Meanwhile, Natsuo said that Japan’s Komeito Party is open to more cooperation with the Philippines, not only in its traditional partnerships but also in defense and maritime security cooperation.

“So Japan actively supports Philippines into entering the upper-middle income countries, public and private sectors, and also we would like to see many [cooperations] not only in defense [cooperation], but also maritime security [cooperation], also agriculture areas,” Natsuo said.

Natsuo said that since Japan’s relaxation of restrictions on foreign defense equipment and technology transfers in 2014, the Philippines had benefited from various acquisitions and procurements of defense assets under a Transfer of Defense Equipment and Technology Agreement signed on February 2016.

Natsuo said that some of the transfers made include UH-1H helicopter spare parts and maintenance equipment in 2019; HADR equipment in 2021, Air Surveillance Radar System; continued TC-90 maintenance support and sustainment program, and sale of TC-90 ground support, spare parts, and maintenance equipment.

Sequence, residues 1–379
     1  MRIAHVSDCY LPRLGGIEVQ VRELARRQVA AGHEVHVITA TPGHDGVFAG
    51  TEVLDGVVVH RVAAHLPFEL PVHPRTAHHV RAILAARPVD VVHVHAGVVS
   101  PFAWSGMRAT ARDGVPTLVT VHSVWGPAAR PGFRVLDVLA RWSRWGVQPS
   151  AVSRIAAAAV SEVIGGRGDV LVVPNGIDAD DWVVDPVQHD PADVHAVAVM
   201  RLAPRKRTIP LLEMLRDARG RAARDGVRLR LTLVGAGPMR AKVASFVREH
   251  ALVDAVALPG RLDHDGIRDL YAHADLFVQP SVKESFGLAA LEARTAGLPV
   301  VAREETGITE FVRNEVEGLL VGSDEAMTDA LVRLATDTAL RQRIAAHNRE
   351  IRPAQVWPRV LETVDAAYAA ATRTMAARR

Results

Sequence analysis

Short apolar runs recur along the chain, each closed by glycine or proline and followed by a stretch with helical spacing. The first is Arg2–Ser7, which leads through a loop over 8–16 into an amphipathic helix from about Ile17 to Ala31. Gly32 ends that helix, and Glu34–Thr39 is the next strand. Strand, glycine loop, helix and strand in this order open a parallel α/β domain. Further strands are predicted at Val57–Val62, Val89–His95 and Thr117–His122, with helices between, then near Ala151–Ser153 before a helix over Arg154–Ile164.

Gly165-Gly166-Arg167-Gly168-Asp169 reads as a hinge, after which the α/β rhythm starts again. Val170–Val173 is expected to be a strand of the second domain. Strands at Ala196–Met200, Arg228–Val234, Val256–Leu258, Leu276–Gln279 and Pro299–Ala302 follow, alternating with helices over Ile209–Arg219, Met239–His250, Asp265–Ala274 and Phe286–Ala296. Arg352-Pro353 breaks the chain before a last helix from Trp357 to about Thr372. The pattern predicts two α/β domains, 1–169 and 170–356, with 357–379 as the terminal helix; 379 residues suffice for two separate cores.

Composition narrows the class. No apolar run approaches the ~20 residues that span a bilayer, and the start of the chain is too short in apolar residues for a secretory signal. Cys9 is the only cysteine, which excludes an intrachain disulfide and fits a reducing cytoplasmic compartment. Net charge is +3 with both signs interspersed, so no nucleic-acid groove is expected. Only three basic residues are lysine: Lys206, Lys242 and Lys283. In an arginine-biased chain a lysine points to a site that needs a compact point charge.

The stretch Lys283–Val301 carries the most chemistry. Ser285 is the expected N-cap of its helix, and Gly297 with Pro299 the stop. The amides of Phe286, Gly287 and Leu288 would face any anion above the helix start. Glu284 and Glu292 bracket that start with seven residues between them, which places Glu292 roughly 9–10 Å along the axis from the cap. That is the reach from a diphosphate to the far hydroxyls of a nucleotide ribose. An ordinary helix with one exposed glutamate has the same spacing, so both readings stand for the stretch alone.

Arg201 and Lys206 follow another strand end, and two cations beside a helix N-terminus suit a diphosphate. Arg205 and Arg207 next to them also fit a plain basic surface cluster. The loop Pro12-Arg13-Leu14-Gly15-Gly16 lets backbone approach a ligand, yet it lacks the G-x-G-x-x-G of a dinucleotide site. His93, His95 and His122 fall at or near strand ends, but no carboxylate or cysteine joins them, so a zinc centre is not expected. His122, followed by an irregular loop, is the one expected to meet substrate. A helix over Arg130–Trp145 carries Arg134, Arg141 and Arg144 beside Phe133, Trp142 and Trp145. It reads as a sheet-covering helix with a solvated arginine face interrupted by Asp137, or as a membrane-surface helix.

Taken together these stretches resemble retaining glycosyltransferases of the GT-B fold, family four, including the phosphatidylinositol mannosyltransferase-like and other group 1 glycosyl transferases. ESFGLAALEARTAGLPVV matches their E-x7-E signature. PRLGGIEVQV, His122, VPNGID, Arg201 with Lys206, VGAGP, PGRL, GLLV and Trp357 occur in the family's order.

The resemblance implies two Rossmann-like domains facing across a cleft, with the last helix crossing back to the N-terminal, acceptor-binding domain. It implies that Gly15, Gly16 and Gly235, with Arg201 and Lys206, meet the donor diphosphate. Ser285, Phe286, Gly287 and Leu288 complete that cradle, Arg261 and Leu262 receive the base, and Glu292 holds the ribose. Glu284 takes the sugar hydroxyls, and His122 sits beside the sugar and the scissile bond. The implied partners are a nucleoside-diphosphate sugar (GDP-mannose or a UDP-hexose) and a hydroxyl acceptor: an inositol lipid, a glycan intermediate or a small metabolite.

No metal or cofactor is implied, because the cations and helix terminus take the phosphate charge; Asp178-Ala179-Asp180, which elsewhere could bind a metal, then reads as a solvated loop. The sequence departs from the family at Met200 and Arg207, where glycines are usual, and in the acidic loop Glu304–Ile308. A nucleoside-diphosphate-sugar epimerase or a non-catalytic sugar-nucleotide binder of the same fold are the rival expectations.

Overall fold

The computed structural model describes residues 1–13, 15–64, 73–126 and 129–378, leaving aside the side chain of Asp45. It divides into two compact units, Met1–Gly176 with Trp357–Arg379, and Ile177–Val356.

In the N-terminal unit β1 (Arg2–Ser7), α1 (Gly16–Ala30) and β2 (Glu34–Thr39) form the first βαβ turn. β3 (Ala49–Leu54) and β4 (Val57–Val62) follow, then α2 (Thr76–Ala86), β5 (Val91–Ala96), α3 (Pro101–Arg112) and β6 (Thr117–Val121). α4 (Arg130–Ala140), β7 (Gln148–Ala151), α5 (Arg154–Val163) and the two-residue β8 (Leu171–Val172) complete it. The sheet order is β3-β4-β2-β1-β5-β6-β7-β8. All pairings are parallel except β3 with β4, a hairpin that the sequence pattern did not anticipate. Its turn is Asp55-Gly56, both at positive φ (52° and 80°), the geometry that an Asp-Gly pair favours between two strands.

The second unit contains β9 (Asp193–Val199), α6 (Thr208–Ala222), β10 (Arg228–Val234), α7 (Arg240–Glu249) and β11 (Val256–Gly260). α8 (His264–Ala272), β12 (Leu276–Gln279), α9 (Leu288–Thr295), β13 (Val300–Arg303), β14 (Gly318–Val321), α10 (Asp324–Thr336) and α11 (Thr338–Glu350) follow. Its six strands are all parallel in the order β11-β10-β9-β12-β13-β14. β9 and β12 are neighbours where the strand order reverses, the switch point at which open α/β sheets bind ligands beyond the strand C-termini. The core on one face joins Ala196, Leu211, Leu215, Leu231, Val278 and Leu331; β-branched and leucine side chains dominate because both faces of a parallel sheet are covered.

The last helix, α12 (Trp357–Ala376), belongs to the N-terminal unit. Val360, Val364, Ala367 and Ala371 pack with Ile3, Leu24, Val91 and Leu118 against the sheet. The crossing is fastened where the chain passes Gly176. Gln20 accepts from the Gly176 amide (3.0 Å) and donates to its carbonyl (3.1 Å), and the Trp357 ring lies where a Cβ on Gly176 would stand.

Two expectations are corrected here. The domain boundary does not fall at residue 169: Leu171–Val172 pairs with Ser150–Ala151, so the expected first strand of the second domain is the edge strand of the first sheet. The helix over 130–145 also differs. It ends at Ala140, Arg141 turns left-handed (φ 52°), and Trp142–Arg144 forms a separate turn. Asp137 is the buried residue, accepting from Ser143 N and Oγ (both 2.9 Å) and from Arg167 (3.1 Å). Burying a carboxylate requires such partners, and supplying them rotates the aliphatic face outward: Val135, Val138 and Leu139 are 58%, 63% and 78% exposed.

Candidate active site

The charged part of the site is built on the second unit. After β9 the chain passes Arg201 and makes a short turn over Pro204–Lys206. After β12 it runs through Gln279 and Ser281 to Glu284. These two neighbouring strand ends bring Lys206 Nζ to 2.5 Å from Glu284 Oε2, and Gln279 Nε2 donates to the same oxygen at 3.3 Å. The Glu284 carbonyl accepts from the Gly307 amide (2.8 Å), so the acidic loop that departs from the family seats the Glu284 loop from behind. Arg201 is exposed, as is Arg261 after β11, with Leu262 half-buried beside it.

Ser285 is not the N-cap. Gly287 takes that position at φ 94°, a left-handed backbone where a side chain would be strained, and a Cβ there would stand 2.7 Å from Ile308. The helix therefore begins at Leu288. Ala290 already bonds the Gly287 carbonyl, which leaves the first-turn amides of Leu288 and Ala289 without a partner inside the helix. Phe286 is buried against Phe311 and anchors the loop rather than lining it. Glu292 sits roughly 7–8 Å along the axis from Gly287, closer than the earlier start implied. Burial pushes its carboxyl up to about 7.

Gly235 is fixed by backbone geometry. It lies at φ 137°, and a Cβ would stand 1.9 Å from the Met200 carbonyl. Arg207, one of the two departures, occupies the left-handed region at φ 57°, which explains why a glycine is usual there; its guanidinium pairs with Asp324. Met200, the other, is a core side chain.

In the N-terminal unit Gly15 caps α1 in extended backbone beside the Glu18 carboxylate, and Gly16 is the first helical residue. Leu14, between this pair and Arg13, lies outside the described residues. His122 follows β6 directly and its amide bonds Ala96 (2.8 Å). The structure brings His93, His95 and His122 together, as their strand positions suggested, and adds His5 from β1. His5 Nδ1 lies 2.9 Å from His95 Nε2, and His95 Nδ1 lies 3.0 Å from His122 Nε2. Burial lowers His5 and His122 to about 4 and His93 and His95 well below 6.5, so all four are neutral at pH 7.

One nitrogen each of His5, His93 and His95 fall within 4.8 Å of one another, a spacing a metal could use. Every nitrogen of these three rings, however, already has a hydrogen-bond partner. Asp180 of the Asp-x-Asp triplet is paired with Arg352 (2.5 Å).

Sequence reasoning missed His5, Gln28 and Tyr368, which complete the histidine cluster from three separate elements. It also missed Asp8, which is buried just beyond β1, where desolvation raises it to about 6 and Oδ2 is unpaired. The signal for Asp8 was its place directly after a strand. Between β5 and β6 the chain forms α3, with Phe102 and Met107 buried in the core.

Natsuo said that Japan also helped the Philippines to strengthen its capacity in maritime surveillance, particularly through the provision of radar systems for the Philippine Coast Guard (PCG).

The PCG is also set to receive a state-of-the-art satellite communication system from Japan that would help improve its capacity to monitor and obtain a better picture of the Philippines’ vast maritime jurisdiction, particularly in the West Philippine Sea.